Monday, July 30, 2012

My Retirement Withdrawal Strategy

I don’t believe bonds are safe havens, I shun gold and think CD’s really mean Certificates of Depression. So you may ask, what do you plan to do for retirement? I mean, if you invest in growth stock mutual funds what are you planning to do when you reach retirement age and begin withdrawing money to live on?

Well this is a topic that I am very happy to explore. When investing I am always thinking and planning long term. Every penny invested I plan to leave alone in mutual funds for at least five years. This self imposed rule will continue to be followed leading up to and through retirement. As has become standard practice here at from 0 to $1 million, I will use the most appropriate case study that I can think of: my own.

To help create a gauge I will use the age of 70 as my “retirement” age. Although to clarify, I never see myself ever truly retiring off into the sunset and staying at home all day long. I see retirement as a chance to work part-time teaching, living all over the world and spending time with my family. 70 though is the age in which, if it still exists, Social (In)security can be claimed for the maximum payout. So let’s say then that I plan to file for Social (In)security at 70 and in essence “retire.”

Now my retirement accounts are currently spread across a 401(k) through work and a ROTH IRA, meaning that at 59 ½ I can begin making withdrawals without penalty. As an added bonus with a ROTH there is no required minimum distribution. So at the age of 70 I begin what I will call, “5 year living expense withdrawals.”

I will reiterate here, any money invested in the stock market should not be needed for at least 5 years. So when I plan to begin to live off of my investment income I will withdraw 5 years worth of living expenses at a time. Currently, if I do not invest another single penny into my 401(k) and ROTH IRA, and my mutual funds earn at least a 12% average annualized return, at 70 years of age my retirement accounts will be worth $5,865,308.36.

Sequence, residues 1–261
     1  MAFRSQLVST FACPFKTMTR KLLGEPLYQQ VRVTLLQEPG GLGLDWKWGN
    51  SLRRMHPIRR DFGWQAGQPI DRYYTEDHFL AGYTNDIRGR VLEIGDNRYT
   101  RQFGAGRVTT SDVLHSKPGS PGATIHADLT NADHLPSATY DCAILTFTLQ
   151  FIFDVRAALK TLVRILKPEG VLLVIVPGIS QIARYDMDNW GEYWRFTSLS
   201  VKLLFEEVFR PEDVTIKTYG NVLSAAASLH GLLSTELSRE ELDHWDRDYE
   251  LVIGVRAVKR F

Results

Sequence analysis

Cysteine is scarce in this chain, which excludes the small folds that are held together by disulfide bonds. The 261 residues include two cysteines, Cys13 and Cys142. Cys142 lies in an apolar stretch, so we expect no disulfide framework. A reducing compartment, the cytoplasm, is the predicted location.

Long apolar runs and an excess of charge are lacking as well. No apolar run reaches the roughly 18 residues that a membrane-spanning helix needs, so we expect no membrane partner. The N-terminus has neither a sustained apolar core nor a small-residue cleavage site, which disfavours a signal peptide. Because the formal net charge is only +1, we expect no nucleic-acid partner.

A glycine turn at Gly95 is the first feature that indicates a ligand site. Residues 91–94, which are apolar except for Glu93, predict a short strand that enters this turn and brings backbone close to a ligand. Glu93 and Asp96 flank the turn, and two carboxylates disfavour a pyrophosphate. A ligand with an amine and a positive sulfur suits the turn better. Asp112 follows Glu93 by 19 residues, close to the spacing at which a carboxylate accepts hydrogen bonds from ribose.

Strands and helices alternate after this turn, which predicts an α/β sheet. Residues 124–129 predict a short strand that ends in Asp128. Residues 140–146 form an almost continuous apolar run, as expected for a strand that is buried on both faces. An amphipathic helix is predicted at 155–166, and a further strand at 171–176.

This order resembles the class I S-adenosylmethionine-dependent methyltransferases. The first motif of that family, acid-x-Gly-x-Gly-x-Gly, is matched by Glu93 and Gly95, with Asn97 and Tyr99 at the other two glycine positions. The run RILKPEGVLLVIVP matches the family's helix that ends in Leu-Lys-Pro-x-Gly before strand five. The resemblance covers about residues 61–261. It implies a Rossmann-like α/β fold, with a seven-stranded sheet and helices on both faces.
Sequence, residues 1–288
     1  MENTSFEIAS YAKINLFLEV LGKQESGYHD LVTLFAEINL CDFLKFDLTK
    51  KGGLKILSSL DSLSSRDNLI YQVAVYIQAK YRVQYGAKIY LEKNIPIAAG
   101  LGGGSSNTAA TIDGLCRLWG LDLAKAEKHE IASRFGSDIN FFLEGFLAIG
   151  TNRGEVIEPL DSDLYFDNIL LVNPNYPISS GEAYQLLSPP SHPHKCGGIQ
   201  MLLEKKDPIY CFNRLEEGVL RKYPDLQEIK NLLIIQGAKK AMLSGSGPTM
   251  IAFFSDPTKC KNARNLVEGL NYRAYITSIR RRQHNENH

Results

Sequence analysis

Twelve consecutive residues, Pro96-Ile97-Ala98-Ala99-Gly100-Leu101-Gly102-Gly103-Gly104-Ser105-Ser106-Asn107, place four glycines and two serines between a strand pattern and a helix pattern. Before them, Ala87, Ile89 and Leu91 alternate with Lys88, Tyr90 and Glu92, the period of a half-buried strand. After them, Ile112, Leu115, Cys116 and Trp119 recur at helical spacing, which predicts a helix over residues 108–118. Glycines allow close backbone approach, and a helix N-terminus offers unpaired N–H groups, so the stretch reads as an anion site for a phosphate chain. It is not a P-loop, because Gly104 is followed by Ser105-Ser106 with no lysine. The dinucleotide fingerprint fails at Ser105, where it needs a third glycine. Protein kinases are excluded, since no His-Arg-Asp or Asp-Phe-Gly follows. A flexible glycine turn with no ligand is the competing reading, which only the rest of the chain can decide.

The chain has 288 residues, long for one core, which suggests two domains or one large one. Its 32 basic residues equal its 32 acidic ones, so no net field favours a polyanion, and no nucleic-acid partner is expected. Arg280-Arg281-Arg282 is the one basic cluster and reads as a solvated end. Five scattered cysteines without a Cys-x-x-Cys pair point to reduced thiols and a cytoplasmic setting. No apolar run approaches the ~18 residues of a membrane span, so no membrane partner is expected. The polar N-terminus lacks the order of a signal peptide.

So to ballpark, let’s say I plan to live on $80,000 a year in retirement, which by the way is 4X greater than what I currently live on. At 70 I will withdraw $400,000 – which leaves the nest egg with $5,465,308.36 to stay invested in the stock market in good growth stock mutual funds. I plan to do nothing fancy with the $400,000 that is withdrawn. No CD’s, no bonds, one idea I have is to take $80,000 and let it sit in my everyday checking account to be budgeted every month, and spread the remaining $320,000 across a few different savings accounts, maybe even across a credit union or two, so that in the event of a “banking collapse” my 5 year & less living expenses will be covered by FDIC insurance.

In 5 more years when I turn 75 and have gone thru my living expenses withdrawn at 70, my retirement nest egg, which was still invested with a value of $5.4 million, will now be worth $9,928,807.67 by my 75th birthday thanks to the power of compound interest. And every 5 years I will shampoo, rinse and repeat J

I don’t really care if Social (In)Security will be there or not when I retire!

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